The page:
This week, on my morning walk, I heard a great commotion among Crows and Eagles. It’s a familiar sound…someone is probably raiding someone else’s nest. But when I looked up I saw FIVE Bald Eagles. There was a pair who seemed to be fighting off the rest. They succeeded in driving off the other three and then landed in a tree a couple of houses away from mine. They chattered and pealed and then were quiet but present long enough for me to walk home and get my camera. But it was an extremely gray day so lousy photos.
Barely a First Encounter.
Day Two-Bird Suicide
Sitting at my computer…all the cats having their morning naps…and a loud crack/crash sound startles us all. We know what it is and we all head to the window where we know a bird has smashed into. Sure enough, the evidence immediately informs us of the bird’s fate.
I had to go outside to confirm that there was nothing I could do.
She was so pretty, probably a little House Finch, and to honor her beauty and tragically ended life, I got the camera.
Lucy watched from inside the whole time…
I put the tiny body in the crook of a tree while deciding what else I could/should do and went into the house. By the time I came back out, a neighbor’s cat was carrying the corpse off. Well, I guess at least her body wasn’t wasted….an encounter of the SECOND KIND.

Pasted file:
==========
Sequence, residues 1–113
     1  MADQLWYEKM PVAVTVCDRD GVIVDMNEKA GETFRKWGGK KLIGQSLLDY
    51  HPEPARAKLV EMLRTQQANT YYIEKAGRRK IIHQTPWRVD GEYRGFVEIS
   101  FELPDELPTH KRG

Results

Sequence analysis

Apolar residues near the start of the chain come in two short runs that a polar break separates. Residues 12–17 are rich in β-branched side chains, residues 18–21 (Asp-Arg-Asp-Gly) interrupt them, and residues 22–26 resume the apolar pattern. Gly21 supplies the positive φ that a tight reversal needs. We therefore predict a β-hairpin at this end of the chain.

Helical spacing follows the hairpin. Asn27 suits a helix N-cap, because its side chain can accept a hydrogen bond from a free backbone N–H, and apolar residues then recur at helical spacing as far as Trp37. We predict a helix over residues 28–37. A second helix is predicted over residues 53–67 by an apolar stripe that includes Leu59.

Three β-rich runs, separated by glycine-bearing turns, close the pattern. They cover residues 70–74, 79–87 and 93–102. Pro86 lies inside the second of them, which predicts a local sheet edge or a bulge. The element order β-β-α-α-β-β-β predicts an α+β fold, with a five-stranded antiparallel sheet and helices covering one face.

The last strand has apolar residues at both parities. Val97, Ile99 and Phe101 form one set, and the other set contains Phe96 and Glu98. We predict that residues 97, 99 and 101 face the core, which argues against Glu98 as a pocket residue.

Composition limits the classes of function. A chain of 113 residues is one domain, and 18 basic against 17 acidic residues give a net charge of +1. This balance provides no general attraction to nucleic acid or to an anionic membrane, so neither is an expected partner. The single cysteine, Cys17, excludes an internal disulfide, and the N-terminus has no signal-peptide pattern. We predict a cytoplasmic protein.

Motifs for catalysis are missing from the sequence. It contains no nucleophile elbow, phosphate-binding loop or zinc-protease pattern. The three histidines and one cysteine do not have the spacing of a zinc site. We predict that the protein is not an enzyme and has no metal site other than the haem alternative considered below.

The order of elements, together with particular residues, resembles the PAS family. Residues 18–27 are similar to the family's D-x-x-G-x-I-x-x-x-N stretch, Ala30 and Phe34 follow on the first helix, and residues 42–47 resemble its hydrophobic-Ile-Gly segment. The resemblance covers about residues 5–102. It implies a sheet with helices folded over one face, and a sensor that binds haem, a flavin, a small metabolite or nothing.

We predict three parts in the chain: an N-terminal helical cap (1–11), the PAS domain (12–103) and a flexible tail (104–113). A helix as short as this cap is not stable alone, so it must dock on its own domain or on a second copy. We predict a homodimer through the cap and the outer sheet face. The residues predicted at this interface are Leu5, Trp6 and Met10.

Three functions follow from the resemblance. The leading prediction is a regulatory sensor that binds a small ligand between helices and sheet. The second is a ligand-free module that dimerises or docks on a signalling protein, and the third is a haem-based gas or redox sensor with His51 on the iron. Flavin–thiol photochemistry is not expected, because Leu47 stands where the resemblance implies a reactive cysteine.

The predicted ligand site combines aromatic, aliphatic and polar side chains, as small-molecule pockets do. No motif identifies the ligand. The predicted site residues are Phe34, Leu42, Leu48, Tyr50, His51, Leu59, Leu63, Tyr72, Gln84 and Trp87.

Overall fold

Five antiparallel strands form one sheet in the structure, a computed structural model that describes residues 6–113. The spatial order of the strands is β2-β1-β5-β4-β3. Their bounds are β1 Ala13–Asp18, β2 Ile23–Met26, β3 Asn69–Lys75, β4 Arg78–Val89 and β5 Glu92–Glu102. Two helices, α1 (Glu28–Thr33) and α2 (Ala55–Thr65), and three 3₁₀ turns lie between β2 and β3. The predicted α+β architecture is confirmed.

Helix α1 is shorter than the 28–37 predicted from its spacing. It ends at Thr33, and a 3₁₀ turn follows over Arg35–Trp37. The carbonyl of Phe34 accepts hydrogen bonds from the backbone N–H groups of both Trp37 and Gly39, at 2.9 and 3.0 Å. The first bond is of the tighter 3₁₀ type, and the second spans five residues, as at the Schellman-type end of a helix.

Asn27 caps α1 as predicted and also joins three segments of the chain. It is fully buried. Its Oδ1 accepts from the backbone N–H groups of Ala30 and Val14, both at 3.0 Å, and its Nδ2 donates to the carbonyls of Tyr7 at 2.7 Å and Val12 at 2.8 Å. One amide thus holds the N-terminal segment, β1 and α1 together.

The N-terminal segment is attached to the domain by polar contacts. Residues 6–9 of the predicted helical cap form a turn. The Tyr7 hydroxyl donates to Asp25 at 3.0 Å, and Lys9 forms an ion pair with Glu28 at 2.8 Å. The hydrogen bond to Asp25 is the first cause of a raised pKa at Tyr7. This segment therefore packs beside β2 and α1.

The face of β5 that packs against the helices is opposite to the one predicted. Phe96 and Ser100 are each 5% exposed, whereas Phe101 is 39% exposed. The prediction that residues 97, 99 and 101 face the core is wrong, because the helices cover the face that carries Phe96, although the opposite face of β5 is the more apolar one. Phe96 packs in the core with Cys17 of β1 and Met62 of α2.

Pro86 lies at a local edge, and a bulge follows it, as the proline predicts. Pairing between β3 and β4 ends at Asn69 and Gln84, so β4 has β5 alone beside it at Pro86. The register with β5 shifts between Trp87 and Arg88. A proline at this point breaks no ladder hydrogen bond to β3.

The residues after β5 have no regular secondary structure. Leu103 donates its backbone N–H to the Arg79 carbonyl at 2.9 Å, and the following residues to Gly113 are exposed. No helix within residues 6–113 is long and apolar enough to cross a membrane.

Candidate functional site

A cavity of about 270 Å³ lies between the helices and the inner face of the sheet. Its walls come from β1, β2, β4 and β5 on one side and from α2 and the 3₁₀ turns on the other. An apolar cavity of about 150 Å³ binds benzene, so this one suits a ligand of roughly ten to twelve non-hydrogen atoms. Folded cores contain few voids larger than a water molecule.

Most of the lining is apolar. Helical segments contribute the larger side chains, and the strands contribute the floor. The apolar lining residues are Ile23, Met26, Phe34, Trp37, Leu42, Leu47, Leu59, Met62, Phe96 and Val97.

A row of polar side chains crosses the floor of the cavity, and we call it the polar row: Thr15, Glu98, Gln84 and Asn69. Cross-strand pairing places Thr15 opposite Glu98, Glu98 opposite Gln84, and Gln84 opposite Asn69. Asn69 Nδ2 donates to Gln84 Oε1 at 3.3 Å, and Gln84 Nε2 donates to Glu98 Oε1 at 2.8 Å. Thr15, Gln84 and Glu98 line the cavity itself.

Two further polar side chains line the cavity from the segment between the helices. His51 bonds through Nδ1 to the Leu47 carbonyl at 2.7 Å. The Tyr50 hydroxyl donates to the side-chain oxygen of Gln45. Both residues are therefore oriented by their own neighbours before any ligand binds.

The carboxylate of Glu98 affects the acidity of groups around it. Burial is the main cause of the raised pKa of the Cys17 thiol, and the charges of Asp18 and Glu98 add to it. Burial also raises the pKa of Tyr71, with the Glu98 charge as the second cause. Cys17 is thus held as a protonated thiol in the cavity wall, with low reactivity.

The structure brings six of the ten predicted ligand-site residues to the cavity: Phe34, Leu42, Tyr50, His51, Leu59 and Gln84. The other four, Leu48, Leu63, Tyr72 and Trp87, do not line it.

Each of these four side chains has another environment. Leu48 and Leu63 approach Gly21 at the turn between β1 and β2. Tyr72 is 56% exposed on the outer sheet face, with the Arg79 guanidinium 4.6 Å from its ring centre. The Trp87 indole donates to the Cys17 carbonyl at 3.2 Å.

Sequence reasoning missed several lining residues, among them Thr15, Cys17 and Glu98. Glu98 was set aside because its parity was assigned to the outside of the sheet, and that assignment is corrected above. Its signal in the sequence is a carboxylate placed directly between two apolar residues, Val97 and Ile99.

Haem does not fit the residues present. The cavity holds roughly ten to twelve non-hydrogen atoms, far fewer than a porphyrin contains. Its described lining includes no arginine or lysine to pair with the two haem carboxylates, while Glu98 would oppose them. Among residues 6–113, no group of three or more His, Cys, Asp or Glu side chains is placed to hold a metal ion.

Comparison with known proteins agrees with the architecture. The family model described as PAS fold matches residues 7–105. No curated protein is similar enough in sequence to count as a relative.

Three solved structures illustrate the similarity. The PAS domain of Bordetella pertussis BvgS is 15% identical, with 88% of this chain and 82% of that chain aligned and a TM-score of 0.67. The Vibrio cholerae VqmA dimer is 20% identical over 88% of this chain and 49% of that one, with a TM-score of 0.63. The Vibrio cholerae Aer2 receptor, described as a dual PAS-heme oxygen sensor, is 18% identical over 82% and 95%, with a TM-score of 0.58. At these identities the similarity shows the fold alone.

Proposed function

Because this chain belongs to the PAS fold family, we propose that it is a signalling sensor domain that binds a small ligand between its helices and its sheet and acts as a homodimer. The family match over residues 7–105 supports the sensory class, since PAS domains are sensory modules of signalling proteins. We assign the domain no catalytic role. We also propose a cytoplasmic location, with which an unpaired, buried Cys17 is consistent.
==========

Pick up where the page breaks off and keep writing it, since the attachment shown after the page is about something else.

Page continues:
I LOVE Crows and have a grandiose belief that they love me too. I even fantasize that they follow me. On this morning, I took the boys out to their favorite before school breakfast (Burger King) on the condition that we eat in the car. My secret plan was to have a Close Encounter! I’m always on the lookout for a great teaching moment and sure enough, we were treated to a Crow Show right there in the parking lot.
I call this an Encounter of the SECOND and 1/2 KIND…they did “contact” my car for sure!
Day Four-Sick Bird
While hanging up a fresh Hummingbird feeder, I almost stepped on this little guy, or girl. I was thinking at first a baby female Grosbeak but no bandit mask…and besides way too early for babies.